Publishing Partner: Cambridge University Press CUP Extra Publisher Login

New from Cambridge University Press!


Revitalizing Endangered Languages

Edited by Justyna Olko & Julia Sallabank

Revitalizing Endangered Languages "This guidebook provides ideas and strategies, as well as some background, to help with the effective revitalization of endangered languages. It covers a broad scope of themes including effective planning, benefits, wellbeing, economic aspects, attitudes and ideologies."

E-mail this page 1

We Have a New Site!

With the help of your donations we have been making good progress on designing and launching our new website! Check it out at!
***We are still in our beta stages for the new site--if you have any feedback, be sure to let us know at***

Dissertation Information

Title: The Acquisition of Sociolinguistic Variation by Learners of Spanish in a Study Abroad Context Add Dissertation
Author: Francisco Salgado-Robles Update Dissertation
Email: click here to access email
Institution: University of Florida, Department of Spanish and Portuguese Studies
Completed in: 2011
Linguistic Subfield(s): Sociolinguistics; Language Acquisition;
Director(s): Diana Boxer
Gillian Lord
David Pharies

Abstract: It is generally believed that study abroad (SA) is the most efficient and
successful way to acquire proficiency in a second language (L2). SA is a
crucial component of students' second language acquisition (SLA) process,
for it puts them in situations in which they can use the language on a
daily basis and interact with native speakers. More than two decades of
research focused on the second language outcomes of Spanish immersion
programs has produced a wealth of studies documenting the weaknesses and
strengths of Spanish immersion students' communicative proficiency. For the
most part, these studies have concentrated on L2 learners' acquisition of
features of the target language, typically measured by categorical, as
opposed to variable, standards. Consequently, many questions pertaining to
the acquisition of patterns of language variation common to a particular
community in a SA context remain unanswered. This dissertation explores the
extent to which L2 learners of Spanish acquire variable structures of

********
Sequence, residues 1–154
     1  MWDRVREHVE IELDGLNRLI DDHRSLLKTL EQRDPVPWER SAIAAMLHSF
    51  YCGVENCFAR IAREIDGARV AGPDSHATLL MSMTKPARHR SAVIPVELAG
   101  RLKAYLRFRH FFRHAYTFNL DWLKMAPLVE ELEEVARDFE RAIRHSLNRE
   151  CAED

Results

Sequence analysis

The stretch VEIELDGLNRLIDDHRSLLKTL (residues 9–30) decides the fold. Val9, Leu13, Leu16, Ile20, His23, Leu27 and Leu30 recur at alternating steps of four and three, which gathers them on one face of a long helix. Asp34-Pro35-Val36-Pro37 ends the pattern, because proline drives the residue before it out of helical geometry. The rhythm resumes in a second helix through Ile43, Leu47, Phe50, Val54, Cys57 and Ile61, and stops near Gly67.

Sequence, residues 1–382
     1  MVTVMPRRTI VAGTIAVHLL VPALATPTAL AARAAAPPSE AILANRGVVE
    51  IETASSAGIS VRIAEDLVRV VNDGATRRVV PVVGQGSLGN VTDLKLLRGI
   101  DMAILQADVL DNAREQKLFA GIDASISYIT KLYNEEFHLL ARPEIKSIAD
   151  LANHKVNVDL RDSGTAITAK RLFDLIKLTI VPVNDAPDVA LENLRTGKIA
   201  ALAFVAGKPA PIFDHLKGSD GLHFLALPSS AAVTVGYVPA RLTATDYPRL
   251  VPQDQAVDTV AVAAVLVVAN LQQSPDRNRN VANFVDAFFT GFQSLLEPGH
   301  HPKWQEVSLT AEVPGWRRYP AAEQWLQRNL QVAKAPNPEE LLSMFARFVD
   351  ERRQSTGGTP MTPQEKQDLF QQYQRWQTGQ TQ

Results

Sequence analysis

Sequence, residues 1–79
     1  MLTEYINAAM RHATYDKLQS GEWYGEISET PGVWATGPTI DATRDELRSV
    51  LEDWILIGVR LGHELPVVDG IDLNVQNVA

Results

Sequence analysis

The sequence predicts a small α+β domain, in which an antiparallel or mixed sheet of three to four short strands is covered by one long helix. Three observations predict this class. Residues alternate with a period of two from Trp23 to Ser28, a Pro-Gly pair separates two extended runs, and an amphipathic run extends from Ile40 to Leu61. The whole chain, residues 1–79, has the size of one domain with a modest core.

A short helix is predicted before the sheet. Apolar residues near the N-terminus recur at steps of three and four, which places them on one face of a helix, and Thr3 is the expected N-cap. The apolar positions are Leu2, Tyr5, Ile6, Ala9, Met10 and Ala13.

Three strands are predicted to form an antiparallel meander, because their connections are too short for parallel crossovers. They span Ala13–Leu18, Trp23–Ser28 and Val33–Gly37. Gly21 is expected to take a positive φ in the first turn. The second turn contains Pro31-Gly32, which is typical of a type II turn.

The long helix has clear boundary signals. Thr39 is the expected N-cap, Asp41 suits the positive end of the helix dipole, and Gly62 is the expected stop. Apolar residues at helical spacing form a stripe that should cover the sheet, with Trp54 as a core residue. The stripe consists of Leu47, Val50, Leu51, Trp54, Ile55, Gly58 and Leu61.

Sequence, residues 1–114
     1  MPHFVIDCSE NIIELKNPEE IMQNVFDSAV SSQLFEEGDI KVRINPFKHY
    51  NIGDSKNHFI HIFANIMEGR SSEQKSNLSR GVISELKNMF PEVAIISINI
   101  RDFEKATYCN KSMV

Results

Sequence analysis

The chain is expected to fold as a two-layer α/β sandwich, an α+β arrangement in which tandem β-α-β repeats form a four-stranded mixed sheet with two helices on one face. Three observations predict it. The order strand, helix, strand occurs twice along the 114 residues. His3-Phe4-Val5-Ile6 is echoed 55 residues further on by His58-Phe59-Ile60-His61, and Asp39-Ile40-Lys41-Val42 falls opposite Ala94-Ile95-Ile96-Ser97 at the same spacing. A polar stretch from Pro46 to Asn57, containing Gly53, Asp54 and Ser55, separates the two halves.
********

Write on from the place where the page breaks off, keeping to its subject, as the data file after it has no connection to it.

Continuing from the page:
language -specifically, the leísmo phenomenon, i.e., the use of the dative
pronoun le(s) instead of the accusative pronouns lo(s) and la(s) as direct
objects- while participating in a five-month study abroad immersion
program. The research is comprised of two groups (N = 40; n = 20 per group)
of L2 learners of Spanish studying in two different regions of Spain where
septentrional (Valladolid, Castilla-León) and meridional (Sevilla,
Andalucía) dialects make this linguistic variation salient. In addition,
baseline data from native speakers of both regions (N = 36; n = 18 per
group) is compared to that of the L2 learners of Spanish. The present study
is a quantitative and qualitative longitudinal investigation of oral and
written data, which were elicited respectively through sociolinguistic
interviews and written tasks with participants. The results suggest that SA
learners do in fact develop an awareness of non-standard forms of the
target language, which are, to a certain degree, incorporated into their
sociolinguistic competence. In sum, this project contributes to an
extensive body of research on the SLA of object pronouns by adding
qualitative and quantitative longitudinal data, and helps to add further
knowledge about the development of L2 linguistic competence during a
sojourn abroad, and to fill a gap in the new strand of studies on the
acquisition of sociolinguistic variation due to L2 learners' exposure to
the target speech community.